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Progressive Rock CD Reviews

Anthony Phillips

Slow Dance: Remastered & Expanded Deluxe Edition

Review by Gary Hill

This new set is a three-disc release (two CDs and one DVD). The first CD is a remastered version of the Anthony Phillips Slow Dance album. The DVD (audio) features both a surround sound version of the album along with the stereo mix of it. While the mixes are new, this album has been available before. Perhaps what makes this really desirable is CD number two. That one features a lot of vignettes from the album in different alternate versions. None of those have been released before. As to the album proper, this is an instrumental release in two pieces. Essentially each piece was one side of the vinyl LP. This is very much a blend of electronic New Age music with classical and symphonic prog. There are few non-lyrical chorale vocals at one point, but this is all essentially instrumental. It's also quite a strong and intriguing release.


This review is available in book format (hardcover and paperback) in Music Street Journal: 2017  Volume 4 at

Track by Track Review
CD One: Slow Dance Remastered

Slow Dance Part One

This epic is 24 minutes long. Mellow spacey keyboard textures start it and move it gradually forward. It drops back for some harp to take over. Then there is sort of a folk prog element that rises up to move this onward. The harp comes back as it continues. It builds upward before dropping way down. Then we get some sounds that are much closer to classical music to continue. That classical element remains as the piece moves forward. At times it gets more playful, while at other points it drops to pure symphonic beauty. By around the 11 and a half minute mark it has worked its way out to electronic prog that's informed by classical music. By about a minute later we're taking into a section that's quite percussive. It rises up from there into the first real progressive rock segment of the piece. Around the 14 minute mark some non-lyrical chorale vocals join. They take control for a bit, but then music rises up to serve as the backing and support for them. It drops down to just keyboards to continue. It works toward more new age type material as it continues. It eventually rises upward toward more rock oriented stuff around the 21 minute mark. That mode eventually resolves this and sets it up for continuation.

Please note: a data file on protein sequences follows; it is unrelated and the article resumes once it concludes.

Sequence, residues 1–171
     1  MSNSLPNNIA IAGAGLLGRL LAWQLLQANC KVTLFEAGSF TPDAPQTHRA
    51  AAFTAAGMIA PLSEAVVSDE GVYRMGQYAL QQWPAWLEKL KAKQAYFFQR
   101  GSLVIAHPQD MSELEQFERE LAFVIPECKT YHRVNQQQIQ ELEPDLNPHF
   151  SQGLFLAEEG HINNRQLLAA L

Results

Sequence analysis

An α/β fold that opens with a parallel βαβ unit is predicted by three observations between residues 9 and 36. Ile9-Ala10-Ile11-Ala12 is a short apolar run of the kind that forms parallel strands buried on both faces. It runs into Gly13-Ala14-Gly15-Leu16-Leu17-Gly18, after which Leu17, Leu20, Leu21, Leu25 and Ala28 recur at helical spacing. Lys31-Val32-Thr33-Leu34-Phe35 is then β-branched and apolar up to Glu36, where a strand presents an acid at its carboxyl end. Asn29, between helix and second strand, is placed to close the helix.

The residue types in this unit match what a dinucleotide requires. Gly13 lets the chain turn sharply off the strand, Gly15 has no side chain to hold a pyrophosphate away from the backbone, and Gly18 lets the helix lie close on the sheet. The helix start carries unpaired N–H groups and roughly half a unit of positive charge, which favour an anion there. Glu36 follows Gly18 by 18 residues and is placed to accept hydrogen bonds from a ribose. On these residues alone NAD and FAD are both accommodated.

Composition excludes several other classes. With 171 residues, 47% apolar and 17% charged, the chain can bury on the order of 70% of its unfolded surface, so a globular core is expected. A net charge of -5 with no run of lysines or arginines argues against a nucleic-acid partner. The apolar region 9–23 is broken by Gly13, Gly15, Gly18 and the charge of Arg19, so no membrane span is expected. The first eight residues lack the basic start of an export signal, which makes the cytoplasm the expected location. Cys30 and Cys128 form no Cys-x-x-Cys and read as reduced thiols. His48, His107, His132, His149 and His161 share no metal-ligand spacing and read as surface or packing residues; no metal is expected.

Slow Dance Part Two
A dramatic and powerful progressive rock meets classical music element brings this in, like the continuation that it is of the previous piece. There is almost an Alan Parsons vibe to it in some ways. It drops way down around the two minute mark and moves forward with a much more sedate approach, leaning on the classical elements. Eventually we are taken out into more New Age styled stuff after some extended sedate classical music. It reaches  a peak around the nine and a half minute mark and then moves out from there into an electronic movement that still has some classical elements in play. At times this reminds me a bit of Genesis. It gets to more dramatic prog rock territory right before dropping away around the 12 minute mark. Then waves of keyboard sounds rise up to move the piece forward. As it works its way along the road it turns rather jazzy in some ways. Yet, it's still prog rock and still classically tinged. There are definitely hints of Spanish music in the mix at times. In some ways it also makes me think of some of the music Jeff Wayne has created. It resolves to a more mainstream electronic rock vein from there. It rises up toward a crescendo from there. Then it drops to mellower classical music with some hints of percussion in the background. Electronic sounds take over from there in rather New Age style. It grows out to powerful electronic progressive rock type sounds. There is a real symphonic basis to it. Then around the 22 and a half minute mark, it takes on more of a playful electronic element as hints of space rock emerge. It builds upward to some great progressive rock turned New Age sounds. As it drops back downward, more symphonic elements are heard. It gradually works its way downward to end at the 26 and a half minute mark.
CD Two: Slow Dance Vignettes

Theme from Slow Dance

This piece is quite symphonic and very pretty. While this is just about three and a half minutes long, it manages to work through some varied sections.

No Way Out (Alternate Mix)

There are symphonic elements at play here, but overall this is more of a rock song. It has some great guitar, and there is a bit of a Spanish flamenco edge to it. It has some interesting melodic movements built within. It's quite intricate and yet manages to rock, too.

A Slower Dance

Jazz and electronic prog merge here. It reminds me a little of Pat Metheny in some ways. It's a classy piece of music.

Guitar Adagio from Slow Dance

There is some accompaniment here, but overall this roughly minute and a half song is an elegant guitar solo.

Touch Me Deeply

This has a bit more of a rock sound to it. It's still an electronic prog number. It has some nice melody hooks.

Clarinet Sleigh Ride

With a lot of classical music in the mix, this is pretty and electronic at its heart. It has a real playful nature to it.

Slow Dance single demo (Alternate Mix)

Mellower, jazzy sounds are the order of business here. This is definitely classy stuff.

No Way Out (Original Mix with Drums)

The drums make this rock even more than on the previous rendition.

Lenta Chorum

Quite classical in nature, this is very melodic and pretty. It has a lot of emotion built into it. At one minute and 16 seconds, it's the shortest cut here.

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